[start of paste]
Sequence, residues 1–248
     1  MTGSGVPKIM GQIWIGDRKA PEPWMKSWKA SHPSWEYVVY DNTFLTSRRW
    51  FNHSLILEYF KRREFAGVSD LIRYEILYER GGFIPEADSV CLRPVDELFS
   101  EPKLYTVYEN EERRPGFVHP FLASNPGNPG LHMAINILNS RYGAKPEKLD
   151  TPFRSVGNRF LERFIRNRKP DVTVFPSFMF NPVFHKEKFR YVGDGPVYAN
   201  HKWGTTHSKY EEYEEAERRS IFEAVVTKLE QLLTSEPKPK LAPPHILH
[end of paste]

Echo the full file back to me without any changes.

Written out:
Sequence, residues 1–248
     1  MTGSGVPKIM GQIWIGDRKA PEPWMKSWKA SHPSWEYVVY DNTFLTSRRW
    51  FNHSLILEYF KRREFAGVSD LIRYEILYER GGFIPEADSV CLRPVDELFS
   101  EPKLYTVYEN EERRPGFVHP FLASNPGNPG LHMAINILNS RYGAKPEKLD
   151  TPFRSVGNRF LERFIRNRKP DVTVFPSFMF NPVFHKEKFR YVGDGPVYAN
   201  HKWGTTHSKY EEYEEAERRS IFEAVVTKLE QLLTSEPKPK LAPPHILH